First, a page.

Jan. 24 (Bloomberg) -- China’s stocks fell, with the Shanghai Composite Index erasing a 1.8 percent rally, as North Korea’s threat to test nuclear weapons overshadowed a report showing the nation’s manufacturing is accelerating.
Gauges tracking commodities producers sank more than 2 percent. China Shenhua Energy Co., the nation’s largest cpal producer, retreated to its lowest level in a month, while Jiangxi Copper Co., the largest producer, slumped 2.2 percent. Liquor maker Kweichow Moutai Co. lost 1.5 percent after the Oriental Morning Post said product prices have dropped.
“There’s some psychological effect on investors after hearing about North Korea’s threat,” said Wu Kan, a Shanghai- based fund manager at Dazhong Insurance Co., which oversees $285 million. “Stocks have rallied considerably recently and naturally face some correction risk.”
The benchmark stock index lost 0.8 percent to 2,302.60 at the close, after earlier taking its gain from a three-year low on Dec. 3 to 20 percent. The gauge is valued at 12.7 times reported earnings, near the highest level since May, data compiled by Bloomberg show.
The CSI 300 Index slipped 1 percent to 2,582.75. The Hang Seng China Enterprises Index of Chinese companies traded in Hong Kong dropped 0.6 percent. The Bloomberg China-US 55 Index, the measure of the most-traded U.S.-listed Chinese companies, fell 0.5 percent in New York yesterday.
Trading volumes in the Shanghai Composite were 32 percent higher than the 30-day average today. Its 30-day volatility was at 20.4, near the 11-month high of 21.6 on Jan. 17.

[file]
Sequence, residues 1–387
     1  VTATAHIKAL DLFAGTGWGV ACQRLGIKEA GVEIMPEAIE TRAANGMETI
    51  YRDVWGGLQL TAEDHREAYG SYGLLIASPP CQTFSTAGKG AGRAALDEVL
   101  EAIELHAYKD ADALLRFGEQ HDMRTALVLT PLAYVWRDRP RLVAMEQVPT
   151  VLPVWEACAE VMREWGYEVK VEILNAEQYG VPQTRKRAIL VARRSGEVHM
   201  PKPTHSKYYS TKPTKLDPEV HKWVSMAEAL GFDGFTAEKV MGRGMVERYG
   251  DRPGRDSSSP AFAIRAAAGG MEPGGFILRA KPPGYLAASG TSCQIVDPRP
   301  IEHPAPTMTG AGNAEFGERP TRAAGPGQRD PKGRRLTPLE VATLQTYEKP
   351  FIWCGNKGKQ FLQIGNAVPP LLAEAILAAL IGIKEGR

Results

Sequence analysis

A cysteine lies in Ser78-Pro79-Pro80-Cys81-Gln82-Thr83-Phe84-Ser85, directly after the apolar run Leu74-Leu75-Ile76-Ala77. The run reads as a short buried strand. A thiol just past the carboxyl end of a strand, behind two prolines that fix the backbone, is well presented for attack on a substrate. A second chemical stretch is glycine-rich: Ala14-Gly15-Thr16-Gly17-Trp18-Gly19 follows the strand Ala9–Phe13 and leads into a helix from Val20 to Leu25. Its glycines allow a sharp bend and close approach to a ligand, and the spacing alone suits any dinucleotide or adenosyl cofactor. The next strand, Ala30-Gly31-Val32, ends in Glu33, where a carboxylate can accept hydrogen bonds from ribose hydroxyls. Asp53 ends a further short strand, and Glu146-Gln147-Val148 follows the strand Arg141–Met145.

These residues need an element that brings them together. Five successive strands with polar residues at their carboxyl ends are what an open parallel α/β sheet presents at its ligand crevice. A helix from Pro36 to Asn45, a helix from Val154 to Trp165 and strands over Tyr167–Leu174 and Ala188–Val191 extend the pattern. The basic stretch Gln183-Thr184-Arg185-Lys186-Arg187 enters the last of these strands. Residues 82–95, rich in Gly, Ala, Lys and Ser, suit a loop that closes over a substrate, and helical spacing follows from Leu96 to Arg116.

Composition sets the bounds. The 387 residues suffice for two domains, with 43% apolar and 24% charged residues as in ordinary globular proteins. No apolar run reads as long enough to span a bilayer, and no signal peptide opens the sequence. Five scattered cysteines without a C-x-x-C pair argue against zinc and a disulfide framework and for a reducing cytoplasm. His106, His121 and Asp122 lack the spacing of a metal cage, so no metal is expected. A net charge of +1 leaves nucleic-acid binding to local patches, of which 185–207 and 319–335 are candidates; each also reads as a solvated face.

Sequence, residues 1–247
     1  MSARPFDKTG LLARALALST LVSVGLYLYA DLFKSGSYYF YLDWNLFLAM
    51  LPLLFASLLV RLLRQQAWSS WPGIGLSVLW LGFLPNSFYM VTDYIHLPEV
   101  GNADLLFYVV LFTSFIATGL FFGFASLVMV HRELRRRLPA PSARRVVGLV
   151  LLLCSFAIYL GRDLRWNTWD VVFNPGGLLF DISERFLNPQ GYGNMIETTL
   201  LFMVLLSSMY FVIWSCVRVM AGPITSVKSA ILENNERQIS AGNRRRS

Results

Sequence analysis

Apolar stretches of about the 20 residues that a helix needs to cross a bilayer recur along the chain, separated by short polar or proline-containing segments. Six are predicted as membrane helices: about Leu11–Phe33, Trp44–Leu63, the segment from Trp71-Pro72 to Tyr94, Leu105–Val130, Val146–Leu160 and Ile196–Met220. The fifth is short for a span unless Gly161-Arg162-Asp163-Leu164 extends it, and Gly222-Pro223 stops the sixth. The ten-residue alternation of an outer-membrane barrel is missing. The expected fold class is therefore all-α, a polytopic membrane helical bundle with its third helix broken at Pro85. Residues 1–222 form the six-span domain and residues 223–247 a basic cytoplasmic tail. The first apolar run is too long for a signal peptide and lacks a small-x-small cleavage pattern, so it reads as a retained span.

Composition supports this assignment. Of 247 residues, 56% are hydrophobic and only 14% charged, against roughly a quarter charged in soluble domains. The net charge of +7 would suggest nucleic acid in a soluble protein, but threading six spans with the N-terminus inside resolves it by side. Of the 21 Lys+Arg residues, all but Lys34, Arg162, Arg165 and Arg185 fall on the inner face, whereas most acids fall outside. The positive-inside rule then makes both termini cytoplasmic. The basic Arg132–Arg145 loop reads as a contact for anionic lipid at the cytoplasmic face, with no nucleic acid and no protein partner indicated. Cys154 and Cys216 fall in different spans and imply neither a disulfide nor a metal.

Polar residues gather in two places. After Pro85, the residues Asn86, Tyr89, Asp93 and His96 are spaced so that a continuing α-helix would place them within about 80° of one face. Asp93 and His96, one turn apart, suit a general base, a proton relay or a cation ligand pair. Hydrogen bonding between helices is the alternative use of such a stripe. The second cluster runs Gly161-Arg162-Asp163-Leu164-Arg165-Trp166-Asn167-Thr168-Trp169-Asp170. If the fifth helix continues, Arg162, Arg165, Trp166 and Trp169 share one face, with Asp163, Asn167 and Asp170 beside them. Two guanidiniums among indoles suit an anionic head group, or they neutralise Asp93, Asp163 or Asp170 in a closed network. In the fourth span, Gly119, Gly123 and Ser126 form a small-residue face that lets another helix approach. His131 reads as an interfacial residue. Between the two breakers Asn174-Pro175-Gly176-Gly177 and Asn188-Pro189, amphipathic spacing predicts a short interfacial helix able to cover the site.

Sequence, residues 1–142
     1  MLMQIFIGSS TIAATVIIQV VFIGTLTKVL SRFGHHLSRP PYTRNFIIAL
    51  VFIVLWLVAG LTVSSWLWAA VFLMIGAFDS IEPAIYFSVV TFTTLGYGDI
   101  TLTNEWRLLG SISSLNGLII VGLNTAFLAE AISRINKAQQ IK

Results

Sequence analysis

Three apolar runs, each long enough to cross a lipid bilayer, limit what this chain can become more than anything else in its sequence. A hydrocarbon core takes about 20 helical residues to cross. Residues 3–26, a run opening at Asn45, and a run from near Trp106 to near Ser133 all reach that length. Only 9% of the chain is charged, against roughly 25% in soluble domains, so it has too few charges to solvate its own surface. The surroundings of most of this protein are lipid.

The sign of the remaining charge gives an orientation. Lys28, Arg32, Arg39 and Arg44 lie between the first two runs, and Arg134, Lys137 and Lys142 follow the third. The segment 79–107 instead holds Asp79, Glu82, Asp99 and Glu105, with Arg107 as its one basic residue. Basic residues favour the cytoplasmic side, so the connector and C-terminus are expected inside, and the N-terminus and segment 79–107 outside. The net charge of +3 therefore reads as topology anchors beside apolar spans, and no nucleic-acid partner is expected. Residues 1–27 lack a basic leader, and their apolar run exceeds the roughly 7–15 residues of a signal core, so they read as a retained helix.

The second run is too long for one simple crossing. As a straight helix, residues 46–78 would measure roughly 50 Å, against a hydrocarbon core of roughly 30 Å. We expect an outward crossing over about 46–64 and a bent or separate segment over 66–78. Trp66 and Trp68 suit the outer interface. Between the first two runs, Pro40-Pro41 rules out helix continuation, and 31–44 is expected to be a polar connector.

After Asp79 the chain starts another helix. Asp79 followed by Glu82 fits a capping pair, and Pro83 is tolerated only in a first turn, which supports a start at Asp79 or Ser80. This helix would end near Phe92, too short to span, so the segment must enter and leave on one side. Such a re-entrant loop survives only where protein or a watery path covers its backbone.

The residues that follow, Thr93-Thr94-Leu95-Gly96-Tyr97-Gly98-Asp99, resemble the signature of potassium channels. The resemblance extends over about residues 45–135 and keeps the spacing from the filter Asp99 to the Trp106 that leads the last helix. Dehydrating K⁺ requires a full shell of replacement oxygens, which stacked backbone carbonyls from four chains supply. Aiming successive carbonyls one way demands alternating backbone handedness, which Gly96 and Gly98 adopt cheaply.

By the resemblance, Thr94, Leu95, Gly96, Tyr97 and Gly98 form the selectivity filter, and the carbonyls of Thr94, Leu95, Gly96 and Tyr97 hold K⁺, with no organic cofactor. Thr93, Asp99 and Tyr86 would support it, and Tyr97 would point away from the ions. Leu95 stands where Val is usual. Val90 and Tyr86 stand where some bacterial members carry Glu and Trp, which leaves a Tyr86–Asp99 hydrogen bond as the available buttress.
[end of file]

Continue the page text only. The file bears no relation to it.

North Korea threatened to conduct a nuclear weapons test “targeted” at the U.S. after the nation pushed through United Nations sanctions against the totalitarian state for a rocket launch last month.
Shenhua lost 1.4 percent to 23.79 yuan. Jiangxi Copper dropped 2.2 percent to 23.78 yuan in a fourth day of declines.
The preliminary reading of a Purchasing Managers’ Index was 51.9 in January, according to a statement from HSBC Holdings Plc and Markit Economics today. That compares with the 51.5 final reading for December and the 51.7 median estimate of 17 analysts surveyed by Bloomberg News.
The data suggest that economic growth at the start of 2013 will equal or exceed its 7.9 percent clip in the fourth quarter, reducing the likelihood that the nation’s new leadership headed by Xi Jinping will roll out additional measures to support expansion.
China’s economic risks have shifted back to growing too quickly as new regional-government officials try to boost development, a former central bank adviser said.
“The new problem is how to prevent overheating,” which would stoke inflation and asset bubbles while pushing the government to enact controls, Fan Gang, a People’s Bank of China academic adviser from 2006 to 2010, said yesterday in an interview in Davos, Switzerland, where he is attending the World Economic Forum.
A measure of consumer-staples stocks in the CSI 300 slid 1.4 percent.
Kweichow Moutai, China’s biggest producer of baijiu liquor by market value, slipped 1.5 percent to 195.96 yuan, the lowest close since Dec. 6. The price of Moutai’s “feitian” 53 percent alcoholic product dropped about 20 percent to between 1,100 yuan and 1,200 yuan, the Oriental Morning Post reported, citing an unidentified retailer.
Wuliangye Yibin Co., the second largest, fell 1.5 percent to 25.90 yuan, capping a ninth day of losses. Sichuan Swellfun Co., the Chinese liquor maker that’s a partner of Diageo Plc, lost 3.1 percent to 17.77 yuan.
The International Monetary Fund cut its global growth predictions yesterday while maintaining its forecast for China, seen growing 8.2 percent this year and 8.5 percent in 2014. The world economy will expand 3.5 percent this year, less than the 3.6 percent forecast in October, the Washington-based IMF said in an update of its World Economic Outlook report.
The iShares FTSE China 25 Index Fund, the largest Chinese exchange-traded fund in the U.S., dropped 0.5 percent to $41.53 yesterday, after rising the previous three days.
--Zhang Shidong, with assistance from Weiyi Lim in Singapore. Editors: Richard Frost, Allen Wan